I passed this spectacular display of fungi on my way to work this morning, growing between a brick wall and the pavement.
I was just amazed to see this densely-packed mass of mushrooms, bursting through the tarmac.
The patch on the left were clearly a day or two older than the rest, in shades of brown and beige, while the younger fruit bodies were a bright, lustrous tan colour.
The youngest fruit bodies, where they had some shelter from the elements, looked like they had spiky little white skirts. What style!
I must be getting better at this mycology malarkey, because I think my initial guess at their identity – a Psathyrella of some kind – was correct. This strongly clustered growing habit is typical of the Clustered Brittlestem Psathyrella multipedata.
I had a look at one of the fruit bodies and it seemed a good match for P. multipedata.
If you look closely, you can see the cap is "faintly striate halfway towards the centre".
Funga Nordica describes the veil as "scattered fibrils near the margin": the spiky white skirt I'd seen in the photo above. There's a German website – vielepilze.de – which includes comprehensive information on the European Psathyrella; it describes the veil as "very volatile, mostly only visible in youngest stages, often absent" which also fits with what I've observed.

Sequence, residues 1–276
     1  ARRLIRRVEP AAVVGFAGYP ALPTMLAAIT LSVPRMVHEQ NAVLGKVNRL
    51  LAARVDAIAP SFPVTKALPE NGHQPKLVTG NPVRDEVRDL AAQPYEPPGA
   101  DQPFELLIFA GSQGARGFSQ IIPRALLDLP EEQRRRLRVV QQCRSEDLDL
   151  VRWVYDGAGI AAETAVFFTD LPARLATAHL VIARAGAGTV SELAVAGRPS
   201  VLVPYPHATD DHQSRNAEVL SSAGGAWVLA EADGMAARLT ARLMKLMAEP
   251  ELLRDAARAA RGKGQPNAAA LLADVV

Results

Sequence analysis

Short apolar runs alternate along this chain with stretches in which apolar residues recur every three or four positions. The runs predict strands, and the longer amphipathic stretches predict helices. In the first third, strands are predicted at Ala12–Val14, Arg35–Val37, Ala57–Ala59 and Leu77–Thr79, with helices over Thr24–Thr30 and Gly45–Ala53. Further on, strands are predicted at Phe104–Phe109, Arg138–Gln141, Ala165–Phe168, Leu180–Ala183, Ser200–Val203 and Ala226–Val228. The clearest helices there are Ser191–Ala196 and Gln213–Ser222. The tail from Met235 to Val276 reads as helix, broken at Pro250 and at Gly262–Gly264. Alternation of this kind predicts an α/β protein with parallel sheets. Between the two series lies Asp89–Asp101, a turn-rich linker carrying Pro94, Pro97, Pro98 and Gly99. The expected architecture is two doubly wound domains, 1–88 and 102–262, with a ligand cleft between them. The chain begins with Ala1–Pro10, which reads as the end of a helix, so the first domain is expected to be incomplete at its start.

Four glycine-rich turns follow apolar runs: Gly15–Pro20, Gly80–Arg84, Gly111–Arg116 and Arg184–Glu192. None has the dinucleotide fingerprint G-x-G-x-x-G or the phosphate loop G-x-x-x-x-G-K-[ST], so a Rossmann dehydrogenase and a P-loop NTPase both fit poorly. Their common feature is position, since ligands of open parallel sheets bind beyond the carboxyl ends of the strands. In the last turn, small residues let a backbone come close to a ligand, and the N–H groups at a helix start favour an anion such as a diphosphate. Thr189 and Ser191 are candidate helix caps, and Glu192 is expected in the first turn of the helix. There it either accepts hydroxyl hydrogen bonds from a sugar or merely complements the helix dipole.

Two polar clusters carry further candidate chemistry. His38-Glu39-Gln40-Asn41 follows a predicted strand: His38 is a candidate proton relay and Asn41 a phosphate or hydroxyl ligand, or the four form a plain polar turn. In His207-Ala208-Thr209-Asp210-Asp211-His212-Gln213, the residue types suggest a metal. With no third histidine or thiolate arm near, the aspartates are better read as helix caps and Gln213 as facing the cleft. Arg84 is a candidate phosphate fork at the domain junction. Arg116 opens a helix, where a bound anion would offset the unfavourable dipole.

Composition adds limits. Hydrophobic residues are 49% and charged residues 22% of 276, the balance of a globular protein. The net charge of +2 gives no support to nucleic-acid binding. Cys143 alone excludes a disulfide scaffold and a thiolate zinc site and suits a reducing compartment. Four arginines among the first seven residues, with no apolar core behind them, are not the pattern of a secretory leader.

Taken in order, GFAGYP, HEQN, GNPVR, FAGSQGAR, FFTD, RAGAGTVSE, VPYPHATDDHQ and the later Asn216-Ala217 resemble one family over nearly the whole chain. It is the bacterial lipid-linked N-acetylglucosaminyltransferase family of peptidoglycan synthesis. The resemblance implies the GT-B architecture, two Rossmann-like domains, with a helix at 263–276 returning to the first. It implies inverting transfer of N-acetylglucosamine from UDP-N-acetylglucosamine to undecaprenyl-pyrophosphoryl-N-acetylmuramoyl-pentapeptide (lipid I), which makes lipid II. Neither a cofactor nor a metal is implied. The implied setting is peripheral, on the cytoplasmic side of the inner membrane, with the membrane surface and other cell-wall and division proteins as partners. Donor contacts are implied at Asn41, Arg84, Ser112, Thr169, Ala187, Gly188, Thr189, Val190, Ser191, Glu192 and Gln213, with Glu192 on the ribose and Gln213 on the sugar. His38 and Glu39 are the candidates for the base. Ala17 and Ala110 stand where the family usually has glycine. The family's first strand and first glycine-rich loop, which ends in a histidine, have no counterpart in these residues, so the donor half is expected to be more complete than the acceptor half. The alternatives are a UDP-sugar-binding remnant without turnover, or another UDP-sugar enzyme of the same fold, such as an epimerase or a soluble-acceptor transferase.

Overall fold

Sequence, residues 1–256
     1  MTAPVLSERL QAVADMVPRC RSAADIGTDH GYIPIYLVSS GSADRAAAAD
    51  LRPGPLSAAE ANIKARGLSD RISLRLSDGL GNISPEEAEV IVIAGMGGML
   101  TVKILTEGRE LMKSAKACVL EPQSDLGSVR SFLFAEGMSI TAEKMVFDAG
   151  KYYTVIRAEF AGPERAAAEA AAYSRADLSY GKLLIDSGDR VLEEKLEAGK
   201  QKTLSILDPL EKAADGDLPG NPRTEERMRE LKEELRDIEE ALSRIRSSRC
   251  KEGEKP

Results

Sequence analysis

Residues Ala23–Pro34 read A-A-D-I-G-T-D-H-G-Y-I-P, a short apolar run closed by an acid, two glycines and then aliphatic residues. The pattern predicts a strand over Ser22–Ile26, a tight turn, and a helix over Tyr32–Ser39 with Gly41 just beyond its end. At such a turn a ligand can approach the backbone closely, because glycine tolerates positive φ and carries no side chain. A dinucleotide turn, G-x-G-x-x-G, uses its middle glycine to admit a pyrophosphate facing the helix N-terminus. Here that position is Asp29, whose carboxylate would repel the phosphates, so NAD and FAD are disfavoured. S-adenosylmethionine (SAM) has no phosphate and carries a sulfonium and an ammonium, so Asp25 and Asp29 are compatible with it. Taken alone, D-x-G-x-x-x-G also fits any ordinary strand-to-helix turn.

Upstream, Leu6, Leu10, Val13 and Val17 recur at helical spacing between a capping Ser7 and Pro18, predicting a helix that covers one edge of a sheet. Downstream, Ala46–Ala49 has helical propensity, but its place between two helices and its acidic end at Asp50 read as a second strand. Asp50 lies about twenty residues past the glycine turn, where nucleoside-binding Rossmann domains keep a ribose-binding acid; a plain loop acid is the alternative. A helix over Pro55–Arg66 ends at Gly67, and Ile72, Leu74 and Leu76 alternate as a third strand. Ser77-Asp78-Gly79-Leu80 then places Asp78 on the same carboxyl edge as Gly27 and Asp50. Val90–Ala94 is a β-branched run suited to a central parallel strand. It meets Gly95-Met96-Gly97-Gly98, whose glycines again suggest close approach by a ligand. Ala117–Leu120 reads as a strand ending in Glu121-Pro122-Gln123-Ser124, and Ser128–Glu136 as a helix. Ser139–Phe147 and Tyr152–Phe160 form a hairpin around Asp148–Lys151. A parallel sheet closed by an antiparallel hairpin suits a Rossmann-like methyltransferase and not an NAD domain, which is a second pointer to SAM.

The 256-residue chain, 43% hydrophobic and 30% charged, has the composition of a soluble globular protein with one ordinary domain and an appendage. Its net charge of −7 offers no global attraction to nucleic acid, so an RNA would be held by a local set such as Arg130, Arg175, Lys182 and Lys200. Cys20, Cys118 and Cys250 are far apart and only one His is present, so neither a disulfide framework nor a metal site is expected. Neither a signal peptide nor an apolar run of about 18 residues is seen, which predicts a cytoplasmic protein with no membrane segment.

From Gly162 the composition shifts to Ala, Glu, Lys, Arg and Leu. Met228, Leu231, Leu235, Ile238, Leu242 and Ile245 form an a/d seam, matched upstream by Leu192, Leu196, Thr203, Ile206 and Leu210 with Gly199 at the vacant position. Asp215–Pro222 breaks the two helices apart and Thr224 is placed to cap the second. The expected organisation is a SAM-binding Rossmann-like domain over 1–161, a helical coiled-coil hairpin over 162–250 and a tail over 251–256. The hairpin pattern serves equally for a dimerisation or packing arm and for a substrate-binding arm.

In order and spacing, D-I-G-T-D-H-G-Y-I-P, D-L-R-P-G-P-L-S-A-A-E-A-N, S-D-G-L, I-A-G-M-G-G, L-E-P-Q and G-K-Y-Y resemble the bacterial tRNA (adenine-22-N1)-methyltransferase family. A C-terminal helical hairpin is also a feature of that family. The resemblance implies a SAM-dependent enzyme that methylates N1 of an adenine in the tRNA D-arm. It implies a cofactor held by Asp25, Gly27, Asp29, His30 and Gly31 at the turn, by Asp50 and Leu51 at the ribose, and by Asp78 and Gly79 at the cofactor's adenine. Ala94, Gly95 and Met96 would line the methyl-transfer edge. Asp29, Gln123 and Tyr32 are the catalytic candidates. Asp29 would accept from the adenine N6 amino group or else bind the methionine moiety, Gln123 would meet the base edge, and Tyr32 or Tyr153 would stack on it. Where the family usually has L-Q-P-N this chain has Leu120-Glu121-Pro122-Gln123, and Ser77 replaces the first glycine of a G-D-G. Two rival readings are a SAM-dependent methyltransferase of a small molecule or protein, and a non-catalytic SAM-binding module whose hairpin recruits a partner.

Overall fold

The young gills are pale brown and crowded.
The key to the Psathyrella in Funga Nordica (which you can access through MycoKey) says that the gill edge and cystidia are "covered with drops staining green in a solution of ammonia". I've got some ammonia, I bought a massive bottle of it at the hardware shop in the village. So I thought I'd give this a try.
I think this might be my MOST EXCITING GILL SQUASH yet. Not only is the gill edge covered in attractive bottle-neck-shaped ('lageniform') cystidia, but they went green! I quickly measured the spores as well, and made them about 7 microns.
I think I'm on pretty safe ground calling these mushrooms Clustered Brittlestem Psathyrella multipedata.
The habitat does seem a little odd though. Funga Nordica describes this species as occurring "on soil, usually attached to buried wood, on stumps, in forests or parks ..., [or] on calcareous or nutrient rich soil, in grass lawns and on sawdust". But Roger Phillips describes the habitat as "amongst grass in open deciduous woodland and on roadsides." – which fits better with where I found them.
For the record
Location: Small Dole
Grid reference: TQ2113